Well the moment you have been waiting your whole life for, the cure for your sweet tooth. To figure out the cure, we must go back in time and look back at our ancestors. We all have inherited our genes from our ancestors and we either inherited low, moderate, or high neurotransmitter levels. For the sake of the article, I will focus on the serotonin neurotransmitter. Serotonin affects numerous aspects of the body including mood, appetite, sleep, memory and sexual desire.  Generally speaking, you will either have low, moderate or high levels of serotonin. Lower serotonin levels put you at the greatest risk for novelty seeking behaviors and food craving, while higher levels decrease your chances. You have less food craving and don't seek as much novelty. The easiest way to figure this out is by getting a DNA test through 23andme.com . I understand not everyone has money to spend on this type of testing. Luckily, we have the internet and there are some personality tests that can tell you your neurotransmitter profile (click here). Once you find out your neurotransmitter profile scroll down to the next paragraph.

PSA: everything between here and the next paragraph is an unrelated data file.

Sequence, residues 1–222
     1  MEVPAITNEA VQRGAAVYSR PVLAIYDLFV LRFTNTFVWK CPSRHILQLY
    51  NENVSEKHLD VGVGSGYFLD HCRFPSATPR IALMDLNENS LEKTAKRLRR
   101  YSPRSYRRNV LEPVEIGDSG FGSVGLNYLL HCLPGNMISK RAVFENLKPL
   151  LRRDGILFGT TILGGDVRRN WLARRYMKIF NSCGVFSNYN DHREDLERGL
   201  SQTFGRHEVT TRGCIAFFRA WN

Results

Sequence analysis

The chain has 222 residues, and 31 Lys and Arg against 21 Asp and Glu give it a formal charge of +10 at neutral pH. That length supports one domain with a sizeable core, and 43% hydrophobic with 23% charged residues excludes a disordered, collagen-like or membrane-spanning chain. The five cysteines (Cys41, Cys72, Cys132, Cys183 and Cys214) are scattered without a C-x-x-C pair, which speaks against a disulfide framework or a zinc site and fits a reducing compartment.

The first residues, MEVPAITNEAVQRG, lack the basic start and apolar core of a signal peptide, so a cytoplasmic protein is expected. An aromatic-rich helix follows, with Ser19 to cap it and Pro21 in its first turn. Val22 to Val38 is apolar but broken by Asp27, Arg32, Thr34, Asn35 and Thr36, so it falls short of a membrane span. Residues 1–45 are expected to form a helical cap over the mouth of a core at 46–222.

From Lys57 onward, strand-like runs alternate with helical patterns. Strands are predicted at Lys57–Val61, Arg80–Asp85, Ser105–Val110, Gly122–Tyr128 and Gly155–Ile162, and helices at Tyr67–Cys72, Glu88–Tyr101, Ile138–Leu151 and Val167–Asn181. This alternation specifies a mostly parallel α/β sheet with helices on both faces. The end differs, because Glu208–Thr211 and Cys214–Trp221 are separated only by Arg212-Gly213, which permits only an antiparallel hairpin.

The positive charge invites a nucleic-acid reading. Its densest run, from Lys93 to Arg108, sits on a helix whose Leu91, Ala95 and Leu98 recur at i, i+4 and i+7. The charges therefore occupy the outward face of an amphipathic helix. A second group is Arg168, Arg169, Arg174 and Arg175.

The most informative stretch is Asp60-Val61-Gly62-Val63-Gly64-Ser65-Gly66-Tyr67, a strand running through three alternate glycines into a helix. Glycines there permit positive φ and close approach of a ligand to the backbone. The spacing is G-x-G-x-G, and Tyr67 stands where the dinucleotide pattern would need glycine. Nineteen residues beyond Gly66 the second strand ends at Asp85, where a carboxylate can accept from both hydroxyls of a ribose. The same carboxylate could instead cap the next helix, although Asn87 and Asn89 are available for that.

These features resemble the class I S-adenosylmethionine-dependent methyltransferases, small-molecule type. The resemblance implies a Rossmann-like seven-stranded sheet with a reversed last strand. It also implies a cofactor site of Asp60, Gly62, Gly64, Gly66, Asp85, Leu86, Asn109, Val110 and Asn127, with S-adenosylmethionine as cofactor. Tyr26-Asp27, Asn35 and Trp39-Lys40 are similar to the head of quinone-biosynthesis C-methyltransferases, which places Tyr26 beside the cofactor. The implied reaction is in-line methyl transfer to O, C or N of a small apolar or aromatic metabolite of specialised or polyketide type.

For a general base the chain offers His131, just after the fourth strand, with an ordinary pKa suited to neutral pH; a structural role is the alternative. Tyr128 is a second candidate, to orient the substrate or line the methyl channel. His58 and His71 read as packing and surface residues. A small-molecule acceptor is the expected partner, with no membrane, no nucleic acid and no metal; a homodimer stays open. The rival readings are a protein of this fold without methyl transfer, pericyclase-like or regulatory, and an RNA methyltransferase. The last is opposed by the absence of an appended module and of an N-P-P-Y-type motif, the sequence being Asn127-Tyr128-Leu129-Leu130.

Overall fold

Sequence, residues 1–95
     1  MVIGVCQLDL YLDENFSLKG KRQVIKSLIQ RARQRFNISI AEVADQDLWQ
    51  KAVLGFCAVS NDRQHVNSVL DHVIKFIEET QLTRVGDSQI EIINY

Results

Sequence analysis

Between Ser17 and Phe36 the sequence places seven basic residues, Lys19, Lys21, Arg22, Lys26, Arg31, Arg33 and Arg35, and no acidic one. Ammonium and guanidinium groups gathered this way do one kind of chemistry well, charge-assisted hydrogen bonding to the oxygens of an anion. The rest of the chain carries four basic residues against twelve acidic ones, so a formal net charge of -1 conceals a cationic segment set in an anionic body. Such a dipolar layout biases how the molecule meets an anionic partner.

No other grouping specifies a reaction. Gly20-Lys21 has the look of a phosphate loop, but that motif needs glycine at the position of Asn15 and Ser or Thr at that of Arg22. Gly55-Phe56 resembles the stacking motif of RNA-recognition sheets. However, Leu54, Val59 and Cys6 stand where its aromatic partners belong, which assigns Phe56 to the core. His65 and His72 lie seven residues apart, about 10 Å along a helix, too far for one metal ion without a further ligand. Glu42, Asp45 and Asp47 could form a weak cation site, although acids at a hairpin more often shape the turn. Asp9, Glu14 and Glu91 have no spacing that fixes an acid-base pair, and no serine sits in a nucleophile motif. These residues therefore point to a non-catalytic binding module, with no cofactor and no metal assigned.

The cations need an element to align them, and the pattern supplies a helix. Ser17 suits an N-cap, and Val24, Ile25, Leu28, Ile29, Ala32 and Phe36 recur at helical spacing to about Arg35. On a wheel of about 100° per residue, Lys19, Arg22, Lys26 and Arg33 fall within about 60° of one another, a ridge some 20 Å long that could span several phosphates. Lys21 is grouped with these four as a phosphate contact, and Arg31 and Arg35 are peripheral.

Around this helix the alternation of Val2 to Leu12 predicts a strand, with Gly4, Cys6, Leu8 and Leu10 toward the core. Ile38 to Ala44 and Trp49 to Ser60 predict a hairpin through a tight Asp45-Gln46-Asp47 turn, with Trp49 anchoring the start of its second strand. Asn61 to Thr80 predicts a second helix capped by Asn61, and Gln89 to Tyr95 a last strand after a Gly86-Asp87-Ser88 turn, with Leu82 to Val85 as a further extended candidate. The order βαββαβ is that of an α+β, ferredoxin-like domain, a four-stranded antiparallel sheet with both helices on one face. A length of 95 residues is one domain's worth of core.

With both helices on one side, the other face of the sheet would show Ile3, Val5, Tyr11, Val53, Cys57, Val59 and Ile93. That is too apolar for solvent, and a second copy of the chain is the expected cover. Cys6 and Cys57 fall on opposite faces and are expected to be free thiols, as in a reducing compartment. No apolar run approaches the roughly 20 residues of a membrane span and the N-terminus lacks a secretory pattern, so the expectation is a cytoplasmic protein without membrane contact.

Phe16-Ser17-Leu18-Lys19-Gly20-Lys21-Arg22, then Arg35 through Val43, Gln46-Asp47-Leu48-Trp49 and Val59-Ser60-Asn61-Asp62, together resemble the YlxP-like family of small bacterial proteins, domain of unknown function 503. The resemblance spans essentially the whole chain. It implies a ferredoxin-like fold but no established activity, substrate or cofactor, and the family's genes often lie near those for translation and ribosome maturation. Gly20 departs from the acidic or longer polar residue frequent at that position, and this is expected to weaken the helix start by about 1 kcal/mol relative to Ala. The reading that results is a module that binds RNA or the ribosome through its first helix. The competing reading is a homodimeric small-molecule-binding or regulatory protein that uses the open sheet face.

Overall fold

As you know, Thanksgiving just passed, so most likely we have all heard of the amino acid, L Tryptophan, i.e the l-tryptophan in the turkey will cause you to be drowsy and eventually fall asleep. L-Tryptophan is an essential amino acid (which means you can only obtain it from your diet ) and the precursor to serotonin. Unfortunately, the tryptophan in the turkey and other proteins doesn't get converted into serotonin because of the other amino acid blocking it. In order for tryptophan to convert into serotonin it must be the highest in the blood ( To learn more click here ). Thus, if you want to increase your levels of l-tryptophan then you have to reduce the amount of the other amino acids in the blood.  The healthiest way to do this is through exercise, especially resistance training. When you perform resistance training, the body sends all of the amino acids, except for tryptophan, into the muscle to repair the damage that has occurred from the workout. Since tryptophan is now left alone, it can now convert into serotonin. Furthermore, you can do this through supplementation or a high carbohydrate diet. When you consume high amounts of sugar, the body secretes insulin which pulls all the amino acids into the cell except for one, l-tryptophan,which is left alone to convert into serotonin. This spike in serotonin can become quite addicting for certain people, especially if they have lower levels of serotonin because the food will increase their levels, just like a drug. However, this "high" will wear off once there blood sugar drops they will seek the same stimulus (food) to increase their levels again. Nevertheless, we don't have to be at the mercy of our brain and our genetics. As I mentioned above, there are healthier and better ways to increase your serotonin levels than a high sugar diet.